• June 7, 2022: Top two teams invited to present at challenge symposium 

  • July 10-14, 2022:  Grand Challenge Symposium, AAPM 2022 Annual Meeting

  • August 2022:  Challenge report will be drafted and datasets made public


Results, prizes and publication plan

At the conclusion of the challenge, the following information will be provided to each participant:

  • The evaluation results for the submitted cases

  • The overall ranking among the participants

The top 2 participants: 

  • Will present their algorithm and results at the annual AAPM meeting

  • Will receive complimentary registration to the AAPM meeting

  • Will receive a Certificate of Merit from AAPM

A manuscript summarizing the challenge results will be submitted for publication following completion of the challenge which will summarize the approaches taken by participating teams and highlight the top five performing algorithms. Note that participants will not be coauthors on the challenge report; the report will only briefly describe results and methods so that participants can publish their own manuscripts based on the DL-spectral CT challenge.


Organizers and Major Contributors

  • Emil Sidky (Lead organizer) (The University of Chicago)

  • Xiaochuan Pan (The University of Chicago) 

  • Samuel Armato and the AAPM Working Group on Grand Challenges


For further information, please contact the lead organizer, Emil Sidky (sidky@uchicago.edu).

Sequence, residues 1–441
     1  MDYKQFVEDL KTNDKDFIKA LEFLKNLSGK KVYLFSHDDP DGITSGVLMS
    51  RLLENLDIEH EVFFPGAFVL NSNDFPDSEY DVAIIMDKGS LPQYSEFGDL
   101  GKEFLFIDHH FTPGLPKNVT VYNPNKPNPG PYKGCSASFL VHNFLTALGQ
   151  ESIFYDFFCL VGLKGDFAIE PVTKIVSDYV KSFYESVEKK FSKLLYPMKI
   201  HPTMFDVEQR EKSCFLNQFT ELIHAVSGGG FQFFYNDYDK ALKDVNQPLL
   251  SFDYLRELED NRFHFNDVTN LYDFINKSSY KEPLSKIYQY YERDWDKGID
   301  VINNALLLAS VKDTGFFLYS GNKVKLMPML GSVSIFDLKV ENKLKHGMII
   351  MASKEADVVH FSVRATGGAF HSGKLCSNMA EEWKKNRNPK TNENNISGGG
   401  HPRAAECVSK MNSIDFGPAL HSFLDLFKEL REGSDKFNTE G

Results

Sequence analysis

Prepare submission:

  1. Create zip file:
    • algorithm_summary.[any one of txt, doc, docx, pdf]
    • Prediction_Adipose.npy
    • Prediction_Calcification.npy
    • Prediction_Fibroglandular.npy

    In the training and validation phases, the ground truths your submissions will be compared against are 10x512x512 in float32, containing ten images (first 10 from training and all 10 from validation). In the testing phase predictions.npy is 100x512x512. For the all phases the algorithm report has acceptable formats of pdf, docx, and doc. Different filenames than those in the examples are not acceptable. Start a forum discussion if you believe you need to use another.

    In the validation phase, it is fine to submit a placeholder algorithm_summary.txt document which only has a few words and no algorithm description.

  2. Submit the zip file
    Under the "Participate" tab select "Submit/View Results".
    Click on the "Submit" button and upload the prepared zip file.
    It should take less than a minute to process the submission, and in the training and validation phases the scoring log can be viewed.
    After receiving a score, the score can be submitted to the leaderboard.